Case Study: Universal Screening and Obesity-related Dyslipidemia

Published on in Children's Doctor

A 12-year-old male presents to the Lipid Heart Clinic for evaluation of mixed dyslipidemia. The patient had his lipids first checked at age 10 as part of universal screening. At that time, his triglycerides (TG) were elevated to 231 mg/dL. He was told to “work on his diet.” The labs were not rechecked until 2 years later. Mom notes he had a significant weight gain over the past 2 years. Family history is unremarkable for early heart disease or hypertriglyceridemia. The patient’s diet consists of: for breakfast, high-sugar cereal or frozen French toast and chocolate milk; for lunch, turkey sandwich with cheese on white bread, chips, and iced tea or juice; for snack, cookies or pudding; for dinner, a lean meat, mashed potatoes or pasta, a vegetable, and juice; for dessert, occasional ice cream. He does not participate in sports, but has gym class daily and rides his bicycle in the summer. His sedentary time is 2 to 4 hours daily.

On physical exam, his height is at the 57th percentile, weight at the 97th percentile, and BMI at the 98st percentile, placing him in the obese category. His blood pressure is 107/64 and his pulse is 89 bpm. Notable examination findings include faint abdominal striae and acanthosis nigricans behind his neck. The remainder of the examination is normal. His fasting lipid panel revealed (in mg/dL): total cholesterol (TC) 238, HDL-C 39, LDL-C N/A, TG 449, and non-HDL-C (TC minus HDL-C) 199.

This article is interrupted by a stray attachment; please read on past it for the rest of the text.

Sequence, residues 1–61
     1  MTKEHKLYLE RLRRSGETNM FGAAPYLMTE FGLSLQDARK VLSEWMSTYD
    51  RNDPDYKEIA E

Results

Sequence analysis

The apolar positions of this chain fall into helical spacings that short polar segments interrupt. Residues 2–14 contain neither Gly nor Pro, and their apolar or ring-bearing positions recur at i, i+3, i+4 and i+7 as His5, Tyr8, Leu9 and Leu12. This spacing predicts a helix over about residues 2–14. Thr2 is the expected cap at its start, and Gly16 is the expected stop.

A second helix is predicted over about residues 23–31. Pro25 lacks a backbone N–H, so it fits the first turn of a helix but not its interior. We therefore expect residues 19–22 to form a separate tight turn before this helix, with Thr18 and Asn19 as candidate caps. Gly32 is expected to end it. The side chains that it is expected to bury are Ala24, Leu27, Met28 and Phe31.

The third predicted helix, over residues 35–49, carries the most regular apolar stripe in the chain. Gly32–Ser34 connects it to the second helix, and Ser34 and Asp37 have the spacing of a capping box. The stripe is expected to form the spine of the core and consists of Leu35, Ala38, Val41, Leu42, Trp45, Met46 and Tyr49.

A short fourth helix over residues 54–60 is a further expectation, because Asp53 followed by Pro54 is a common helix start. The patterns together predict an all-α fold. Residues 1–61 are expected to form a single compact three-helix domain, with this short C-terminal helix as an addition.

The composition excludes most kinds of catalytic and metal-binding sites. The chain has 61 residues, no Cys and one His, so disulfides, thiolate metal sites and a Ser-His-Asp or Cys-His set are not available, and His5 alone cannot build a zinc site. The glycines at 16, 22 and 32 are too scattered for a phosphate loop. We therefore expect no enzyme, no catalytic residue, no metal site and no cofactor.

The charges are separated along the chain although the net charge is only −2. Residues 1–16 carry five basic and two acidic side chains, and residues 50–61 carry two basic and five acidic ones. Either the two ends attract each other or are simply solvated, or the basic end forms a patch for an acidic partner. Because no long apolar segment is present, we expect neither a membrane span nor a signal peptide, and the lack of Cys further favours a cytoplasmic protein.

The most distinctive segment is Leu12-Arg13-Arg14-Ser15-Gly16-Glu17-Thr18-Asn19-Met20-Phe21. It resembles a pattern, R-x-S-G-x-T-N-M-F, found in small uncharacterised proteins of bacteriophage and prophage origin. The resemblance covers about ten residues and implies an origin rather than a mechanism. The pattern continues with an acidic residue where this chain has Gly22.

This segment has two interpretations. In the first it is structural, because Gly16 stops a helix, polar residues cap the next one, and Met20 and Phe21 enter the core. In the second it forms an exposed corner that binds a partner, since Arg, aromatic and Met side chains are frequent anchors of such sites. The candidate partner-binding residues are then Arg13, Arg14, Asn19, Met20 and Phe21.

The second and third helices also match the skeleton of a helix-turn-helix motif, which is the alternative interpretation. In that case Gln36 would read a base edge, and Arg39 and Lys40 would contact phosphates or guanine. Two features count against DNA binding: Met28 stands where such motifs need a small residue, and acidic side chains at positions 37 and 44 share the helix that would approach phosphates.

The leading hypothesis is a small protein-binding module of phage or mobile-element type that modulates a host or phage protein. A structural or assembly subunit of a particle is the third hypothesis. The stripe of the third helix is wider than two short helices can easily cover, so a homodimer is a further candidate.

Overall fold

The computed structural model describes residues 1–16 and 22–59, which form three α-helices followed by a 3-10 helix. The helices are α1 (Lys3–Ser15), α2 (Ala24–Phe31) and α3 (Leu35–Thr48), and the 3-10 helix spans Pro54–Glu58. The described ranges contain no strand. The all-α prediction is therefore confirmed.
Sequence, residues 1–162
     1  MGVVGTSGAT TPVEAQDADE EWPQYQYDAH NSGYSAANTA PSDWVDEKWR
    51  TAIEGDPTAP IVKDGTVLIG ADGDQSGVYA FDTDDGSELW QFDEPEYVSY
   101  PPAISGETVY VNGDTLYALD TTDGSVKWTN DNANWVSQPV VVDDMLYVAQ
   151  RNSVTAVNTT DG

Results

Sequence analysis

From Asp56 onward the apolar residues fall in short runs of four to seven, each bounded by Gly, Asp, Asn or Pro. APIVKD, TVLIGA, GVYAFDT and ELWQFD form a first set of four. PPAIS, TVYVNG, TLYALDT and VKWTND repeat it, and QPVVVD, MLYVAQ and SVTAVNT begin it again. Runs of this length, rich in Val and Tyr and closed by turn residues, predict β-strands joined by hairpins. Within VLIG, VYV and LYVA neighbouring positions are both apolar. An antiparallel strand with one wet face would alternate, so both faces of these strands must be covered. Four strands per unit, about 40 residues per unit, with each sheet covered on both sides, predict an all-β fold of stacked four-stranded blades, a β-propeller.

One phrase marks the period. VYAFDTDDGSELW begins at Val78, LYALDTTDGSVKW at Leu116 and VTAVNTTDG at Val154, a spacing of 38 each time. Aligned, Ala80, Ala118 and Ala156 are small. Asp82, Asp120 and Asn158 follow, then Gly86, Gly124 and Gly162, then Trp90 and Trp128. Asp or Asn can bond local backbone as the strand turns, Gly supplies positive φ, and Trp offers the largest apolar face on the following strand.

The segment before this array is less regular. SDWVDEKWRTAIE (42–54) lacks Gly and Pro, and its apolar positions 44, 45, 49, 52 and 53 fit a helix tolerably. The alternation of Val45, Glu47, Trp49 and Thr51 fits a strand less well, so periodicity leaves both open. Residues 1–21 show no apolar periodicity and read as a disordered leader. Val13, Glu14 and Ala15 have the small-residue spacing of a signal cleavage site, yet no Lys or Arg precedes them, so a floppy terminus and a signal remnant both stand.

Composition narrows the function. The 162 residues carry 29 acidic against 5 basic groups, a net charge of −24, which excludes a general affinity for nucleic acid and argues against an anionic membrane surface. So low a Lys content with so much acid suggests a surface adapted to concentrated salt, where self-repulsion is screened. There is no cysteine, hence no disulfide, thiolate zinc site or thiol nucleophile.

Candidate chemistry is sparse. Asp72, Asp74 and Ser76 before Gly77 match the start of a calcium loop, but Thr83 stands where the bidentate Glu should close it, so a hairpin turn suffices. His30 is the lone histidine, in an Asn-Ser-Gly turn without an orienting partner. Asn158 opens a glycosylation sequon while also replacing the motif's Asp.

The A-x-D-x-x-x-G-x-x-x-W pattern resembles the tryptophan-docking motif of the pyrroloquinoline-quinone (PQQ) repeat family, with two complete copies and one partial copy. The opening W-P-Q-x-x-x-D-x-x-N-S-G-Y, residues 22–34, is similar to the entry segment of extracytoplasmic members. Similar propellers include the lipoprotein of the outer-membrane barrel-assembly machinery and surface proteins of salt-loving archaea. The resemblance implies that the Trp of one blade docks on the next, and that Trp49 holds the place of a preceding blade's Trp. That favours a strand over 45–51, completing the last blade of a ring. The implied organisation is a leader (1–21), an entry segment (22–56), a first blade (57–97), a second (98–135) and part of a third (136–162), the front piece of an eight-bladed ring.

Universal screening

The most recent guidelines for screening children and adolescents for dyslipidemia were released in 2011. The biggest change was the recommendation for universal screening once between the ages of 9 and 11 years and, if no issues, again between 17 and 21 years (Kavey). Universal screening can be performed using either a non-fasting lipid profile (non-FLP), where TC and HDL-C are obtained and non-HDL-C is calculated, or a fasting lipid profile (FLP) can be obtained. If there are abnormalities on the non-FLP (see Tables 1 and 2), then the average of 2 FLPs should be used to determine if further treatment is necessary. However, if there are abnormalities on the initial FLP (see Tables 1 and 2), then a repeat FLP should be performed 2 weeks to 3 months later, and the results of the both tests averaged.

Table 1.
Lipid Level Classification
for Children (mg/dL)
Lipid
Category
OptimalBorderline-
High
HighLow
TC< 170170–199≥ 200 
LDL-C< 110110–129≥ 130 
Non–
HDL-C
< 120123–144≥ 145 
TG
0–9 yrs
< 7575–99≥ 100 
TG
10–19 yrs
< 9090–129≥ 130 
HDL-C> 4540–45 < 40

* HDL-C, high density lipoprotein cholesterol;
LDL-C, low-density lipoprotein cholesterol;